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Miranda Dennis

Your back is an accordion, again.

Jacques Barzun's The Use and Abuse of Art

Barzun, reactionary, follows you home and kisses your jaw. I am jealous. I kick at soda cans and leave you alone all day, spying instead on your hand in the slit of a book.

If this storm comes only in pitch
how can I stay up late and watch
if it only comes to me in dreams
how can I see that I am awash in it?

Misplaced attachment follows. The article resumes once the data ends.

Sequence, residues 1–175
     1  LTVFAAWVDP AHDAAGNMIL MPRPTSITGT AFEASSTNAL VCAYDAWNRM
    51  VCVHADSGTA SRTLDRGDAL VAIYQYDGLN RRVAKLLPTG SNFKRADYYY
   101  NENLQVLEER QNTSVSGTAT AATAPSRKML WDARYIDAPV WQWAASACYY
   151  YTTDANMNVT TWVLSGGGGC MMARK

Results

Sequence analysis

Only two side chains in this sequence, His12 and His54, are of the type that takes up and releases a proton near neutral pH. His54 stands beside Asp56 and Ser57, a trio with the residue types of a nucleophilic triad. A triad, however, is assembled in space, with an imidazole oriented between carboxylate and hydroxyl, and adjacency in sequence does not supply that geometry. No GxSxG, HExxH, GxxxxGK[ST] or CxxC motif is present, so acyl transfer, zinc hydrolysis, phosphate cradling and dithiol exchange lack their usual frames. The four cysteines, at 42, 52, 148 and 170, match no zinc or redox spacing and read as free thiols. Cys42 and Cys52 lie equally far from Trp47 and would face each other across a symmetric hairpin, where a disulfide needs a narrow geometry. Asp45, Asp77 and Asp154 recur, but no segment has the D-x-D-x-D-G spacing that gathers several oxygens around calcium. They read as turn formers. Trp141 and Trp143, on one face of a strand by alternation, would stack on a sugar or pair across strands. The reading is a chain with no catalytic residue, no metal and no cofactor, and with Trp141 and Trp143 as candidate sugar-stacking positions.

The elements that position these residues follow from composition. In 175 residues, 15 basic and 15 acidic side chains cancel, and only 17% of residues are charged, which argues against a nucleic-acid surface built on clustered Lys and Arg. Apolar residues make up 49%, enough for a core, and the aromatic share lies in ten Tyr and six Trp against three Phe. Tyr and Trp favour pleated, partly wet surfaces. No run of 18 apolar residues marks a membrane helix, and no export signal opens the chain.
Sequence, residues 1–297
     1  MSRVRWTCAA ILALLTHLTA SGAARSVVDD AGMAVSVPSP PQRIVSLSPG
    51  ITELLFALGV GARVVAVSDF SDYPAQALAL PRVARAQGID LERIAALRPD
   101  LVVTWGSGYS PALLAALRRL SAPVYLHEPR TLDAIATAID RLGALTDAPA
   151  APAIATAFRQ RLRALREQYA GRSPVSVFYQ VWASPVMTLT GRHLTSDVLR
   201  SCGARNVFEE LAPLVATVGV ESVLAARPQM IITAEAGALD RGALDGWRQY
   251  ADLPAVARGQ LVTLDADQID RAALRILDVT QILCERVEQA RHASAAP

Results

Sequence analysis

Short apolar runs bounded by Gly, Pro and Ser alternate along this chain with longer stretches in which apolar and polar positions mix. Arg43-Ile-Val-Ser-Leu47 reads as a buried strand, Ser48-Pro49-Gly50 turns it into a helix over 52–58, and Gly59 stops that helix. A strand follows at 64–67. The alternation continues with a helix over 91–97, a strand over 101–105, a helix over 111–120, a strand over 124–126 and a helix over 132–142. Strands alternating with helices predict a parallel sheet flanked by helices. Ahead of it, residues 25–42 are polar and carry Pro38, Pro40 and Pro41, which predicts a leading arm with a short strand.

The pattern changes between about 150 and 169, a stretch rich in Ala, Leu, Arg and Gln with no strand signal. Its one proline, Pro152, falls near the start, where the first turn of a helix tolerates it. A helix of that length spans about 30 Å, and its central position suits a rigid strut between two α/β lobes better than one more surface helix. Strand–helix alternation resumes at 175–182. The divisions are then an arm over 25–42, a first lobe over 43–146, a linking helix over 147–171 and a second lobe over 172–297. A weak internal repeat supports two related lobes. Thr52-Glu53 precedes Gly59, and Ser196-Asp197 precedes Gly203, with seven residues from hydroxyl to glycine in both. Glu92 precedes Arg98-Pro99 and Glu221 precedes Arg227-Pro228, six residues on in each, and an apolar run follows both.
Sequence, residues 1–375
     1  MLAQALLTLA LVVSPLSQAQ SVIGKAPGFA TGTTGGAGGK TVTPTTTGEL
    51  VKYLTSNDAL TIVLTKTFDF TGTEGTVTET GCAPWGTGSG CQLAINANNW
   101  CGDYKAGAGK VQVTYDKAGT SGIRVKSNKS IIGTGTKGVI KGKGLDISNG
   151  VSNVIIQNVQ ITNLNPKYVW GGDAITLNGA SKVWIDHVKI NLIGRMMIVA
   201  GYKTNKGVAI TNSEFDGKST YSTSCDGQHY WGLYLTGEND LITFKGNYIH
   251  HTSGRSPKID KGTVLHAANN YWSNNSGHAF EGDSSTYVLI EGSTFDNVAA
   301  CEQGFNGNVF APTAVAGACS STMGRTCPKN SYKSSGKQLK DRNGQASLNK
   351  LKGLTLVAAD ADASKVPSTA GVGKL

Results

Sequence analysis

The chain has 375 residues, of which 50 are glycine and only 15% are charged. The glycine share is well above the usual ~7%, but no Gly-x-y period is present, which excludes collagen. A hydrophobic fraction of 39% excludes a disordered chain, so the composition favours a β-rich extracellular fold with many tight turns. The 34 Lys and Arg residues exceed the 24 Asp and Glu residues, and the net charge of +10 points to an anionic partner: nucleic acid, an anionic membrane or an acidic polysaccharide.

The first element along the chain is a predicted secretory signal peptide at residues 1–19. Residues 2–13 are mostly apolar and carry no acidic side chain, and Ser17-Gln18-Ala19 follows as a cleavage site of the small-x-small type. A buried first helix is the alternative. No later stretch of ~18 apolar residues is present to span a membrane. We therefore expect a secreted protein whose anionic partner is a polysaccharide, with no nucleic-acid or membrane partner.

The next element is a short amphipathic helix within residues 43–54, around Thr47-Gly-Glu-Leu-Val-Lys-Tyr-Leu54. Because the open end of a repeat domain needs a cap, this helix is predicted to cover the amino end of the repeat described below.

Severe weather: you don’t know where I am or what I’m doing, nor why I smooth the folds of my skirt in heavy downpour. Severely: you are holding this book, squatting in front of a closed shop. Your back is an accordion, again.

—how to paragon shifting dimes so they further reflect
the lone sculptor up to his neck in necks?

Again, again, the God body riots in the curve of—not spine, mine.

We could clear the room with our nervousness.
We could leave other people checking their bodies for ticks.
For surely something is crawling.

Miranda Dennis resides in the always-blossoming neighborhood of Bushwick in Brooklyn. Her current projects include fiction-writing, approving invoices at her job, and trying to turn "Beyonce" into a verb.